You should use a food processor with a boomerang shaped blade as normal blenders or low powered devices will likely struggle and burn out or overheat, requiring you to wait for the motor unit to cool down.

Drying wet ingredients

Be sure to drain as much moisture as possible from the protein products, using a colander and paper towels where appropriate. The less moisture, the better.


Drying the ingredients

Blending wet ingredients

Ensuring you have chilled down your protein ingredients in the fridge, it’s time to blend these, along with the garlic and vitamins. Depending on the size of your processor, and blades, you may need to add slowly to the processor. Keep blending until you achieve a consistency similar to the picture shown here.


Blending the homemade discus food

Add the dry ingredients

Begin with the algae and probiotics and blend these thoroughly. The second image below illustrates the thorough mix.


Blending the dry ingredients

Add the Krill Meal

Slowly add 50g portions of Krill Meal to the blend and continue until you hear the processor beginning to struggle and can observe the mixture moving around the bowl as more of a solid form instead of a sloppy paste. Once you reach the correct consistency, the mixture should not feel sticky, or stick to your fingers. Remember, it will continue to absorb moisture for the next 15 to 20 minutes so don’t overdo it, or you may have difficulty in packaging for storage.


Blending the dry ingredients

Bag and Freeze

Simply add your mix to ziplock bags, and use a rolling pin or similar to flatten them out. Filling and squeezing from the bottom up ensures the least amount of air remains in the bag, preventing freezer burn and increasing the longevity of the product. Roll these as thin as you can/wish as it is easier to break off and feed, and indeed, defrosts faster when added to the tank. Complete this step as quickly as you can to ensure not only freshness, but to minimise the exposure to the air and the product drying to a point where it is difficult to handle. Place the bags in the freezer and once frozen, you’re good to go.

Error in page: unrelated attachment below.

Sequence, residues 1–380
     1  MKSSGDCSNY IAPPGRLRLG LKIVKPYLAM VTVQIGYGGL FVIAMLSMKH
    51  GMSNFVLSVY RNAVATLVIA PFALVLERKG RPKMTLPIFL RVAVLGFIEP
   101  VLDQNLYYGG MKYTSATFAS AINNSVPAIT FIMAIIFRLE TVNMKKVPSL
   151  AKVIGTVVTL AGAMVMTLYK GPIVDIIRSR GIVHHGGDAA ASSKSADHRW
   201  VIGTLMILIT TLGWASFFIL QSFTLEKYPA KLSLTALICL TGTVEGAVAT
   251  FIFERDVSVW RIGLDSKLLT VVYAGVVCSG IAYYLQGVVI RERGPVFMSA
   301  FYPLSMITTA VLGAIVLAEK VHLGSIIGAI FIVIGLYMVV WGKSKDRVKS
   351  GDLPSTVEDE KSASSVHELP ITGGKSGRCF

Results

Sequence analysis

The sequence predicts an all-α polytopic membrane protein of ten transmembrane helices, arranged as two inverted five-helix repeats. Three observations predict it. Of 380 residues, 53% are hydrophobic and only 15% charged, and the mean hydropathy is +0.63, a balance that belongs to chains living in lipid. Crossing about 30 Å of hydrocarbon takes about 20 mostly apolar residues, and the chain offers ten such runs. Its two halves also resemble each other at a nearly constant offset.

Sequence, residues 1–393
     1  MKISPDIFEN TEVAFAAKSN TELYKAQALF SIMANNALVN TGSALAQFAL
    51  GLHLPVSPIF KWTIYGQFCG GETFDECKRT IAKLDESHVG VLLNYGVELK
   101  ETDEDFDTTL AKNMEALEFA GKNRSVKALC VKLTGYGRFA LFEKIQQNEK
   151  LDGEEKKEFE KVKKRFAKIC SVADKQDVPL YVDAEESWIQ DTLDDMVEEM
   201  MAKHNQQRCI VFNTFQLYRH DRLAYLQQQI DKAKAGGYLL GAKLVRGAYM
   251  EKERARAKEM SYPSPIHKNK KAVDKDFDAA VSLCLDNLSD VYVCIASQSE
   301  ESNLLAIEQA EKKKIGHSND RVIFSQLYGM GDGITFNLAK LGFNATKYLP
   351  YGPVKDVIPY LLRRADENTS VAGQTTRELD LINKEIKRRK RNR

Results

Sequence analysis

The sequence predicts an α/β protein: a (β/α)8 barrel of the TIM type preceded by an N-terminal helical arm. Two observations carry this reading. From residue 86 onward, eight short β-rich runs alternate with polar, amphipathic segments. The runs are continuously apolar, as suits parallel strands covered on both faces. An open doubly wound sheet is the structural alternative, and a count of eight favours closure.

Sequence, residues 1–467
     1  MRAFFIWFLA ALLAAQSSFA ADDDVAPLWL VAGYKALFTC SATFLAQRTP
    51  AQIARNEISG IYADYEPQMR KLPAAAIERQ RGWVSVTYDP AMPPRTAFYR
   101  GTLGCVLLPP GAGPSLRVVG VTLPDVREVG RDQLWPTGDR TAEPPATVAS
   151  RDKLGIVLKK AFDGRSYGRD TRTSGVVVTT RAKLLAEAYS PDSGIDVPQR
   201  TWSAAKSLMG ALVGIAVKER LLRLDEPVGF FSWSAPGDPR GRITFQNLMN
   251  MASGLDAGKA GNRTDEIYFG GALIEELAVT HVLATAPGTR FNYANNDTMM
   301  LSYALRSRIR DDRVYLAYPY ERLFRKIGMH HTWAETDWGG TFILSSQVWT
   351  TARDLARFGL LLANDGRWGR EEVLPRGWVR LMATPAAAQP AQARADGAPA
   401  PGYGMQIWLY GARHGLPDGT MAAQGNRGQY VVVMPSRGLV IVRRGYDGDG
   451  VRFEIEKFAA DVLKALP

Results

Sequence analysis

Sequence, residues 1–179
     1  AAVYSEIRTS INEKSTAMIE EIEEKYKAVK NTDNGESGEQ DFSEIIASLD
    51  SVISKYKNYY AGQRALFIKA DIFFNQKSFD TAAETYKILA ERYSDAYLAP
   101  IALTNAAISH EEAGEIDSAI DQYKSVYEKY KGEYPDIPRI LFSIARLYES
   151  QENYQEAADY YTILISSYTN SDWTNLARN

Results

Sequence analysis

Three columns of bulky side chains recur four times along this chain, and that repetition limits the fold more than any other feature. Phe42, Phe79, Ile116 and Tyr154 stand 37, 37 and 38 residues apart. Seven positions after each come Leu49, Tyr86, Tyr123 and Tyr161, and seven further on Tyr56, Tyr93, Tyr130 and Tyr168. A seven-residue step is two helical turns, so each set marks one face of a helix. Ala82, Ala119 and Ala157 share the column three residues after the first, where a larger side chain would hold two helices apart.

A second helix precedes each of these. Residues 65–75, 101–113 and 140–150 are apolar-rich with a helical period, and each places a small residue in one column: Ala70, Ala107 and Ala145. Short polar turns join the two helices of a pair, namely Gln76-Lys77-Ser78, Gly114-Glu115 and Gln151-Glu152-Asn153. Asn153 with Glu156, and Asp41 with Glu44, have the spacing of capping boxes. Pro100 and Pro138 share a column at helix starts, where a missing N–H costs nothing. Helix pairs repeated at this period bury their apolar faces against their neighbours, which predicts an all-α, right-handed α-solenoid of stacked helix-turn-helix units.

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Storing homemade Discus Food

Other important notes

Fillers such as Wheat Gluten make suitable additions or substitutes to your Krill Meal to bind the mixture. While more Krill Meal is preferable, Wheat Gluten is still acceptable. Avoid other common fillers such as gums and alginates as these are useless and do nothing for the fish except to bind them up and cause intestinal problems.

No medications that you intend to add to fish feeding times should be added to this mixture as the medication will likely be useless by the time it comes to feed. Metronidazole for example, is only active for 8 hours once exposed to liquid so don’t waste your time and money adding it to frozen food.

Feeding this food:

This product can be stuck to the aquarium glass, inside a shell, on a feeding plate or straight into the water column. Some fish that have been spoilt, or brought up poorly with a very narrow diet may not take to the food immediately and may ignore it for several days before beginning to vigorously eating this mixture. It’s a good reminder of why you need to vary your fishes diets and not feed only one or two foods only, especially when they are young. This food will foul your water faster than cheap flake or dry, processed fish foods, therefore be mindful of reducing or halting filtration whilst feeding, and ensure to remove uneaten food. Leaving this mixture in the system for an extended period of time is a bad idea. I always turn off the filters (not the air or sponge filters) while feeding this to ensure that none of it makes it in into the sumps and mechanical media such as pads and sponges.

This should last for at least 6 months in the freezer.